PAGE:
|Birth: ||Nov. 18, 1922|
Richmond County (Staten Island)
New York, USA
|Death: ||May 5, 2011|
Los Angeles County
Dorothy Armstrong (nee Partington), also known as "Dottie Partington", died at the age of eighty-eight in Long Beach, California on May 5, 2011.
Dorothy was born and raised in Staten Island, New York. She was the only daughter of Ralph Edwin Partington, a New York police officer, and Dorothy Ellen Partington, a homemaker.
Following her extensive modeling work in New York, Dorothy was cast as the character Miss Lace in Milton Caniff's Male Call cartoon series. Aimed primarily at servicemen during WW II, Male Call was published in over 3,000 camp newspapers around the world.
As Miss Lace, Dorothy would frequently visit wounded veterans at military hospitals and joined several USO tours to boost and support the morale of US servicemen. She was very proud of her contributions to the morale and support of servicemen during WW II as part of the US war effort.
Following high school graduation, Dorothy was discovered and subsequently hired as a model for the Harry Conover Agency in New York, as a "Conover Cover Girl" Dorothy appeared in the leading magazines of the day, in addition to advertisements and signboards.
In the early 1940's, Dorothy was cast and performed in several Broadway stage plays. During World War II, Dorothy was the model and inspiration for Miss Lace in Milton Caniff's Male Call cartoon series that was distributed to over 3,000 military bases around the world from 1941-1946. Later, she appeared in television shows such as "Tales of Wells Fargo," and "Lawman" and the movie, Ice Palace.
Dorothy was married twice. Her first marriage was to Charles Fredrick, a highly decorated war veteran. They divorced in 1951. Her second marriage was to George B. Armstrong. They were married from 1953 until 1966. Shortly after her marriage to George Armstrong, the couple moved to Los Angeles, California in 1956, where they first lived in Baldwin Hills. After the birth of their son William (Bill) Armstrong, the family moved to Burbank, California. Dorothy's parents also moved to Burbank to be near their daughter and new grandson.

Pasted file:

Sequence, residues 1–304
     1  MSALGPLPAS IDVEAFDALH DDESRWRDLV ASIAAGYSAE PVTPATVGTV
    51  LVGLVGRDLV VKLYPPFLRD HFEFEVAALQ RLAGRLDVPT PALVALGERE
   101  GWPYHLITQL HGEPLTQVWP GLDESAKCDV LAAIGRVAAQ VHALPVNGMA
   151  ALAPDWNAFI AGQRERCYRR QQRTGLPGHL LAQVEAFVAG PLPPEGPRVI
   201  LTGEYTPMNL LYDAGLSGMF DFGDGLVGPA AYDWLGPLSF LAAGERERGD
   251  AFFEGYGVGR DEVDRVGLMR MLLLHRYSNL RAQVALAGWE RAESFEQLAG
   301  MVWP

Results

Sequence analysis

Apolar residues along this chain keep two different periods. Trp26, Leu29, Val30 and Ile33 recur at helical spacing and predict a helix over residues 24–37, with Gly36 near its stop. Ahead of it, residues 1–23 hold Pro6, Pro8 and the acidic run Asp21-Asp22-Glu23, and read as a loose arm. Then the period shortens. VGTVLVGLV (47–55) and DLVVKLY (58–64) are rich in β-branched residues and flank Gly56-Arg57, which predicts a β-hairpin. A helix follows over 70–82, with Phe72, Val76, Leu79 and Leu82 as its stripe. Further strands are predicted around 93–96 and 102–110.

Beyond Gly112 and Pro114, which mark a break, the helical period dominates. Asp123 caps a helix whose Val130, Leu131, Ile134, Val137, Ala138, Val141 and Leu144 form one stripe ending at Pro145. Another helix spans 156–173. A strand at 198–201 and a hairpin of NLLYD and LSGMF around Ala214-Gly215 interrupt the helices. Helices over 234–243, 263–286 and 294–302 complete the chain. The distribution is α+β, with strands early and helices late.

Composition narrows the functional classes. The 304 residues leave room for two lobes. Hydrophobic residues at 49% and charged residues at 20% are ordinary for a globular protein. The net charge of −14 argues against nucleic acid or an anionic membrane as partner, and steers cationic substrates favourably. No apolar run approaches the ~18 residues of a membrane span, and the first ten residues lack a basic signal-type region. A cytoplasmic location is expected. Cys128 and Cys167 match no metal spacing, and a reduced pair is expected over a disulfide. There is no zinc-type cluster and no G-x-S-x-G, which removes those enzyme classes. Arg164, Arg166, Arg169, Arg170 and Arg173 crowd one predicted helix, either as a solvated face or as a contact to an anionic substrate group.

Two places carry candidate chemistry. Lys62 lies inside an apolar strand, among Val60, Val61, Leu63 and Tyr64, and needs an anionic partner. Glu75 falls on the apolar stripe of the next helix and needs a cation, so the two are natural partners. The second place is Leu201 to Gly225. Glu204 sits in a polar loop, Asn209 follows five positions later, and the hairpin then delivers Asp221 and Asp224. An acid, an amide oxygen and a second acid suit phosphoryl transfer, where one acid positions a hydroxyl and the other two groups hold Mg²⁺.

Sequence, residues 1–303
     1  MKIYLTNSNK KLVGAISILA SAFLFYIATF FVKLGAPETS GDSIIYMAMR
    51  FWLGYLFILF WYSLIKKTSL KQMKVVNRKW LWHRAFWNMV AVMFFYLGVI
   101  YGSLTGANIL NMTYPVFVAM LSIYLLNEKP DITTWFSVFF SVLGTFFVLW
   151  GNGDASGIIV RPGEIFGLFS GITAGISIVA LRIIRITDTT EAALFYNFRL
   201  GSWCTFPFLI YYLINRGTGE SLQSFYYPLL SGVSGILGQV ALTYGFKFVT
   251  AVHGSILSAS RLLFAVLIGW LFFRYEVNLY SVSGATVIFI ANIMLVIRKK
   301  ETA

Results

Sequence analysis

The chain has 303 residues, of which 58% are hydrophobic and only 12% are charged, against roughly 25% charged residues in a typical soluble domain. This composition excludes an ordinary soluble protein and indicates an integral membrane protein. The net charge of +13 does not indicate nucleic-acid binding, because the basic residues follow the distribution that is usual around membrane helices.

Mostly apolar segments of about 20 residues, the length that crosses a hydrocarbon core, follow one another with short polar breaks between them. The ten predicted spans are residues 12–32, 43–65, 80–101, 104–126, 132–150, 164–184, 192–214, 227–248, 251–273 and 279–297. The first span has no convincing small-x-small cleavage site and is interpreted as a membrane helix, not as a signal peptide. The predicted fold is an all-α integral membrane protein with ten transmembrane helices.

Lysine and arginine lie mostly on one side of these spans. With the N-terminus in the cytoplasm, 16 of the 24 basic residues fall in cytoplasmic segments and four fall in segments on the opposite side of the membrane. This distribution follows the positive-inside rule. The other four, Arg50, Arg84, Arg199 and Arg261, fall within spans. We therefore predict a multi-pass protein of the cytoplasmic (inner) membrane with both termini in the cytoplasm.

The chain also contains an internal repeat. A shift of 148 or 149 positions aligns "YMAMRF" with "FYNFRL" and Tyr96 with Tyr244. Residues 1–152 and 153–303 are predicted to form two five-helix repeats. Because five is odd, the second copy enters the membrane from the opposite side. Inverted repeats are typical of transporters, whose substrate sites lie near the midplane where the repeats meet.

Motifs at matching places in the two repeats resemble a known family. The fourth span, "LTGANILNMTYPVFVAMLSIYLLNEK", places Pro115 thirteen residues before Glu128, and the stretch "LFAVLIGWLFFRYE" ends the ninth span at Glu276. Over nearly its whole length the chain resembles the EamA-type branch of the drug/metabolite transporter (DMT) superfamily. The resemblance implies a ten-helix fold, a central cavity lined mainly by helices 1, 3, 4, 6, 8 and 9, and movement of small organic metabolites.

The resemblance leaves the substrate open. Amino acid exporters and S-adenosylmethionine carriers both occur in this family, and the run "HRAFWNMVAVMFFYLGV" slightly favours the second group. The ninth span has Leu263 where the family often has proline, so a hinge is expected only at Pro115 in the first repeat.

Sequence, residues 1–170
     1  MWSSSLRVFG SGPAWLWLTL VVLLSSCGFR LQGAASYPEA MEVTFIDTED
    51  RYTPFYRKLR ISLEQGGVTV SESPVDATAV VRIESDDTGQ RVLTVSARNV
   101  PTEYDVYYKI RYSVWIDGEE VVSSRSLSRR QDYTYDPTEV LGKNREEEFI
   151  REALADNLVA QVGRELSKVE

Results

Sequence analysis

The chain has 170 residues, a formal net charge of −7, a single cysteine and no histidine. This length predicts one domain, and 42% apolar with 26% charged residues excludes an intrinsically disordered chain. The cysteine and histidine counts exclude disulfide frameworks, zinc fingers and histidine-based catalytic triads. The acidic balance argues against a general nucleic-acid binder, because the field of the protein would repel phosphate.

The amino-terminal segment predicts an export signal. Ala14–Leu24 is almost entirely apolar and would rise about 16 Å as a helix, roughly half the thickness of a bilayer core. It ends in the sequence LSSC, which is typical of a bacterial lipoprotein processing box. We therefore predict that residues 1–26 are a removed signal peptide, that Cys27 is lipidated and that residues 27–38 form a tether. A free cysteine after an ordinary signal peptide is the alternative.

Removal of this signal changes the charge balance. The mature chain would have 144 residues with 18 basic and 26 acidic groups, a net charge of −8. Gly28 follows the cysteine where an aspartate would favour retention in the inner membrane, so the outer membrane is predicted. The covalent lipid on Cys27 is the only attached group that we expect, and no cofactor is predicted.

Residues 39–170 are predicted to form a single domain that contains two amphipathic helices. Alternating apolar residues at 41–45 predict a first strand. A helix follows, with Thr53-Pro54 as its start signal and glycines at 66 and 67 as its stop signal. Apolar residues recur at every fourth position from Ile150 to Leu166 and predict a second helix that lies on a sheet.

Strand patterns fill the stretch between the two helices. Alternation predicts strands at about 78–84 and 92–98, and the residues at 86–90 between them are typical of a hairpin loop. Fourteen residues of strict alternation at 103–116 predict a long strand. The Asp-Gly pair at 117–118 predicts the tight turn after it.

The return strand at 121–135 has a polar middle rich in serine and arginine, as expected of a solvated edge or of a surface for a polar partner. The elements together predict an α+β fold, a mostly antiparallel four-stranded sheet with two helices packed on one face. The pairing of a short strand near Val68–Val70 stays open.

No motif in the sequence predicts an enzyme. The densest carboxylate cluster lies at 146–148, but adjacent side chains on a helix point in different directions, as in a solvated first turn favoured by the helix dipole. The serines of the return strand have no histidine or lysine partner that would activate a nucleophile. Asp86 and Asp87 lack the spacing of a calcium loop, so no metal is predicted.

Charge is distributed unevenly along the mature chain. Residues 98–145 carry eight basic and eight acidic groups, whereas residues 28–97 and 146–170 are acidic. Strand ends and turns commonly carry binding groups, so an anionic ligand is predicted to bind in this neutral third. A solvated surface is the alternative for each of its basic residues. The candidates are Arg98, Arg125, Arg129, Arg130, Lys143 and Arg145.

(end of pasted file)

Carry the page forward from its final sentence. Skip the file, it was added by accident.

After moving to Burbank, Dorothy worked at Warner Brothers and NBC as a cast member on television westerns. Following her television work, she worked as a research assistant to screenwriter Harry Kleiner for five years where she assisted him in the research and writing of screenplays including the Bullit and Fantastic Voyage movies.
After her divorce she needed to work full time to help support her family. Dorothy attended adult education classes in the evening to acquire office skills and secured employment with the City of Burbank in the Public Works Department, where she worked for over twenty years.
As a single mother, she focused on the raising of her son Bill, and provided a rich nurturing environment for his growth and educational development. The value she placed on education and cultural enrichment was reflected in a home filled with books, magazines, and music. Her warm, conversant style ensured that she had many friends and loved to entertain guests at home and around the backyard pool. Dorothy had a smile that could light up a room. She had a quick wit and laughed easily. Her sense of humor, and warm and open nature was a gift, and she shared these gifts with her many friends and family.
Dorothy greatly loved nature, the beach, and the outdoors and would make frequent forays to the beaches and parks of Southern California. She also maintained a small mobile home located on the beach south of Ensenada, Mexico that she frequently visited. Reflecting her love of nature, she was also a longtime member of the Sierra Club. Dorothy loved to watch Animal Planet on television, and was an avid reader and subscriber to National Geographic, Smithsonian, and Sierra magazines.
Following Bill's graduation from college, she retired from her position with the City of Burbank Public Works department in 1990 after twenty-two years of service.
In all Dorothy was a Burbank resident for over forty years in the Rancho Equestrian area of the city. After retirement she lived in Pacific Palisades, CA until 1996, and later moved to Westminster, CA, then to Long Beach, CA, where she resided the last eight years.
She is survived by her son, William Bannon Armstrong; cousins, Cyrus Partington and Anne Partington; niece, Vicki Lanzilotta; and nephew, Gregory Armstrong.
A memorial service for Dorothy Armstrong will be held on Saturday, June 25, 2011 at Forest Lawn, Hollywood Hills located at: 300 Forest Lawn Drive, Los Angeles, CA.
The memorial service will start at 2:30 p.m. at the Old North Church, with a reception at 3:45 p.m. at the Recital Hall (Hall of Liberty), also at Forest Lawn, Hollywood Hills.
Published in the Los Angeles Times on June 22, 2011.
Forest Lawn Memorial Park (Hollywood Hills)
Los Angeles County
Created by: Ryan D. Curtis
Record added: Jun 22, 2011
Find A Grave Memorial# 71765177